Paleontologists writing in Gondwana Research say it is the first evidence of an elaphrosaur reported in Australia and only the second from the Cretaceous period worldwide.
The elaphrosaur was a member of the theropod family of dinosaurs that included all of the predatory species.
Nearly five years later, palaentologists from Swinburne University have determined that the vertebra belongs to the first Australian elaphrosaur, a Cretaceous-era toothless, land-dwelling dinosaur - a far cry from the flying pterosaur it was originally thought to be.
As countries continue to flatten the curve on the novel coronavirus, nations are starting to feel their way gradually out of the limits on daily life imposed by governments to curb the spread, including social distancing and lockdowns. Proposed digs this year have been postponed twice because of the bushfire season and the COVID-19 pandemic.
Stephen Poropat, the lead researcher behind the find, at Swinburne University of Technology in Melbourne, said elaphrosaurs were "really rare, " with just three named species from Tanzania, China and Argentina.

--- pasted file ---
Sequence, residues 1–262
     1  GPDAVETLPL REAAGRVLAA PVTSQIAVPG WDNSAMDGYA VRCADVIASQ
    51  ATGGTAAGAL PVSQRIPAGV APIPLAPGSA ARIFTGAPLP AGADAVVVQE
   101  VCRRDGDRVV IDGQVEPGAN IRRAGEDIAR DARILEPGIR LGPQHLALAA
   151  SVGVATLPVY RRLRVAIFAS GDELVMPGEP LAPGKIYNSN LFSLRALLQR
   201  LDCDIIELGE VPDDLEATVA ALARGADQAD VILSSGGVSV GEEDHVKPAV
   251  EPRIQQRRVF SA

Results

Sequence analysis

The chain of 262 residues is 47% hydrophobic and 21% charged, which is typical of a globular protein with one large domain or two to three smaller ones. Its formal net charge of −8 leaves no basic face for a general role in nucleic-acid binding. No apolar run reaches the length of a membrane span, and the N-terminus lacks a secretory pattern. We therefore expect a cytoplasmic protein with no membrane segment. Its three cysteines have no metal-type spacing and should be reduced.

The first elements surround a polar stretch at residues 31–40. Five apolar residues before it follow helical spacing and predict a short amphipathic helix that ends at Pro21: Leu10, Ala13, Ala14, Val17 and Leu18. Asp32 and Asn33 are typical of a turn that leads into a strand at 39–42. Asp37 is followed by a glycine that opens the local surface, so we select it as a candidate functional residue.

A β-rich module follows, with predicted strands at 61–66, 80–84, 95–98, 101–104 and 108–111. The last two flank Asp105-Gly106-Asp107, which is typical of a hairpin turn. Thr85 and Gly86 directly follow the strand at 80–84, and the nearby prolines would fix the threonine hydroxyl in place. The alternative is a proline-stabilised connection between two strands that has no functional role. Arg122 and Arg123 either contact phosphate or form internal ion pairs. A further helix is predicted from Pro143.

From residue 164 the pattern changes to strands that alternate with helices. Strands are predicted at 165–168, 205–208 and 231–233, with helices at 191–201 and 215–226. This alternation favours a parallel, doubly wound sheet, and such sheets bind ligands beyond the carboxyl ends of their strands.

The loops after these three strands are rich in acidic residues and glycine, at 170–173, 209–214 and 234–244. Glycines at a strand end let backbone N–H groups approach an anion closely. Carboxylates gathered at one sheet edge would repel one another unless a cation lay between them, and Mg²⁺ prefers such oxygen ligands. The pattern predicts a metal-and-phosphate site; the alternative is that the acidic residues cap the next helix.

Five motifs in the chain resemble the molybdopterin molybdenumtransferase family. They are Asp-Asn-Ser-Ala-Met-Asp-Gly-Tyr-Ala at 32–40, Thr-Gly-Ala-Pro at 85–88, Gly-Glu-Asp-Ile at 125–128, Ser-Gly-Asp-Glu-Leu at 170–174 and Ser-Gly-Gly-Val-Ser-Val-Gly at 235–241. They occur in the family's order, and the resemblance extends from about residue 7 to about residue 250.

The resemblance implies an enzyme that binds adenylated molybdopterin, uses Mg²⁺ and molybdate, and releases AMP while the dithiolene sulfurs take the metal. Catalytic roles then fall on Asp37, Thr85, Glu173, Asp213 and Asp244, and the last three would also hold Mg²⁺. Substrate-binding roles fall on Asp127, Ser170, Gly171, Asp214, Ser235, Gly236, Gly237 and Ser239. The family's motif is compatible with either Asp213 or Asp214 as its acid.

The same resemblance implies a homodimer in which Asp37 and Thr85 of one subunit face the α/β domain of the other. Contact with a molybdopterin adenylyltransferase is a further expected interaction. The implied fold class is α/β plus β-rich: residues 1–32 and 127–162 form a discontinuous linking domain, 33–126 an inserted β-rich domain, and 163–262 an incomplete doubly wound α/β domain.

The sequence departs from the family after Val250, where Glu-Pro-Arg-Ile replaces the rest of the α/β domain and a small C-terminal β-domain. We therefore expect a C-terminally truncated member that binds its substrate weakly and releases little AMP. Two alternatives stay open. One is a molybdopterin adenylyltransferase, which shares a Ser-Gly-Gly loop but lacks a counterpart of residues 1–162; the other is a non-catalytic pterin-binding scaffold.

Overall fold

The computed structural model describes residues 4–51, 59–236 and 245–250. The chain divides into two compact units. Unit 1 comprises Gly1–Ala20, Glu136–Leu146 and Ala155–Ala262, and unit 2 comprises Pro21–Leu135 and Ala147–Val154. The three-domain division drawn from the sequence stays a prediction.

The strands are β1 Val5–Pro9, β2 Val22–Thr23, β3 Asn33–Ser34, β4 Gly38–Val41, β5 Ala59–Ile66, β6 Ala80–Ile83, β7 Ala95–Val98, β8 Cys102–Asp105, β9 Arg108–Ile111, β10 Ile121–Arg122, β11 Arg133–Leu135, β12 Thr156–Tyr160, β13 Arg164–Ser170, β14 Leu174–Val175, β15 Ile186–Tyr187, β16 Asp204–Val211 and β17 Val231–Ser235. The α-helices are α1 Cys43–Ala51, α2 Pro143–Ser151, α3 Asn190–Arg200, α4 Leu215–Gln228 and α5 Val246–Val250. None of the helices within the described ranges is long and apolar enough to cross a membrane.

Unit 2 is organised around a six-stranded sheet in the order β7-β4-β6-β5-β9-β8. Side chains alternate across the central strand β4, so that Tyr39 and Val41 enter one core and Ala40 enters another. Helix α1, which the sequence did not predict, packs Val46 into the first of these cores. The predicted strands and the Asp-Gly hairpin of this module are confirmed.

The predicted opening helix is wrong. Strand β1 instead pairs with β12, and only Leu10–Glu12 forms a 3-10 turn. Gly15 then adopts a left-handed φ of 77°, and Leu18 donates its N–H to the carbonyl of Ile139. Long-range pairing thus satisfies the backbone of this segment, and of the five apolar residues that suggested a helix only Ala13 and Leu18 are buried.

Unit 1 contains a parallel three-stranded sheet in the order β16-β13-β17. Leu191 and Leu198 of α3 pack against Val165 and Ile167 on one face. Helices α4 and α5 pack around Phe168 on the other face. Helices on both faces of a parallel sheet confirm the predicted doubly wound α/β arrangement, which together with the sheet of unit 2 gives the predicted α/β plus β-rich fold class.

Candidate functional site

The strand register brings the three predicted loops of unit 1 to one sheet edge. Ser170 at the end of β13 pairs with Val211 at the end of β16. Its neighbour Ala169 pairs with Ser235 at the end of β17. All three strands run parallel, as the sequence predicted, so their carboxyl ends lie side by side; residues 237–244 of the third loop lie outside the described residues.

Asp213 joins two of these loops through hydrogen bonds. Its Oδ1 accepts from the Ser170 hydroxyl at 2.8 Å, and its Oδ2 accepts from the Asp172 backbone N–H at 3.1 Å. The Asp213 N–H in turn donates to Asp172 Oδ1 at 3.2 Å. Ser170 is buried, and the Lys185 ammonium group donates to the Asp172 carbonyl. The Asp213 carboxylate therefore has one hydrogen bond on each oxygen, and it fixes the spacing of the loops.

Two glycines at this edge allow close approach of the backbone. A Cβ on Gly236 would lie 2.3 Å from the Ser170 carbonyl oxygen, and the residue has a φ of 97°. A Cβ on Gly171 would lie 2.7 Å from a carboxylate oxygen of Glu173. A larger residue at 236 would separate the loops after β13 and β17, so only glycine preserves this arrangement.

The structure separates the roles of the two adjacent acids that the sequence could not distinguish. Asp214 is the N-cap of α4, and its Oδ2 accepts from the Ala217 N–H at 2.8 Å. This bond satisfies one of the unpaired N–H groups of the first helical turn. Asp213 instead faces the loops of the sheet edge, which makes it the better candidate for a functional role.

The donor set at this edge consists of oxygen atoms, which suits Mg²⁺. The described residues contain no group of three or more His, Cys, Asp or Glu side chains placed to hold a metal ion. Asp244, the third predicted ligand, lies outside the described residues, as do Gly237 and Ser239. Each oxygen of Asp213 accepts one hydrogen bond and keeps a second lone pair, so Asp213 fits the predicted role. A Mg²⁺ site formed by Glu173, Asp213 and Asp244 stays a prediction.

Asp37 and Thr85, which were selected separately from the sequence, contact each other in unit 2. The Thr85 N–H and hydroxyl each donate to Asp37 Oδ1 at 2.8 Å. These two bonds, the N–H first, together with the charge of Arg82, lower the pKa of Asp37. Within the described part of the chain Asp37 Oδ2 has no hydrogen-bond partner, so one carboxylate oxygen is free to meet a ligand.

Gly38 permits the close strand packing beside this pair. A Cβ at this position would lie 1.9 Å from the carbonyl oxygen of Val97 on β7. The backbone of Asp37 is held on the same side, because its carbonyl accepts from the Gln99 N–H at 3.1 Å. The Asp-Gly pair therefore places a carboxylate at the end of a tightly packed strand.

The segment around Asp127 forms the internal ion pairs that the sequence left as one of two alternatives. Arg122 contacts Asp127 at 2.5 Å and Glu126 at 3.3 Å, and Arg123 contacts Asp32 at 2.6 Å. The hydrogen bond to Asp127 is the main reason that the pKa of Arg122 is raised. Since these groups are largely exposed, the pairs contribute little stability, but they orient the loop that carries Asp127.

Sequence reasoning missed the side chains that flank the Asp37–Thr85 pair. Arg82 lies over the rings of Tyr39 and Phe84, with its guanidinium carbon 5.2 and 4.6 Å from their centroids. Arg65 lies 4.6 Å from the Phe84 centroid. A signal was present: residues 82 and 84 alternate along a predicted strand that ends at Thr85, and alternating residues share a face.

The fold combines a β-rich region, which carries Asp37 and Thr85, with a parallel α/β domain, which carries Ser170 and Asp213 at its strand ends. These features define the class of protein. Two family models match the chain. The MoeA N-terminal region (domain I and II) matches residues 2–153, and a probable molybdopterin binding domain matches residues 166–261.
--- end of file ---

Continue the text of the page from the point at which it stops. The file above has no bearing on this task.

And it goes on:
Unlike some of their relatives, elaphrosaurs remains are relatively scarce.
Adult elaphrosaurs probably didn't eat much meat, Dr Poropat said.
"The few known skulls of elaphrosaurs show that the youngsters had teeth, but that the adults lost their teeth and replaced them with a horny beak". At around two meters long, it was also rather small for an elaphrosaur. According to the study's authors, it was also comparatively young.
The dinosaur bone was found by volunteer Jessica Parker in 2015 near Cape Otway in Victoria on a site called Eric the Red West, which houses fossils from the Cretaceous age.
The age of the dinosaur raised more eyebrows though because its known relatives discovered in Tanzania and China lived during the end of the Jurassic Period, 160-145 million years ago, whereas the Victorian dinosaur dated from the Early Cretaceous Period nearly 40 million years later.
Identified as the elaphrosaur, whose name means "light-footed lizard", the dinosaur was related to the Tyrannosaurus Rex and Velociraptor. By contrast, the new Victorian elaphrosaur dates to nearly 40 million years later, from the Early Cretaceous Period.
"New discoveries like this elaphrosaur fossil overturn past ideas, and help to interpret discoveries yet to come", said Ziegler.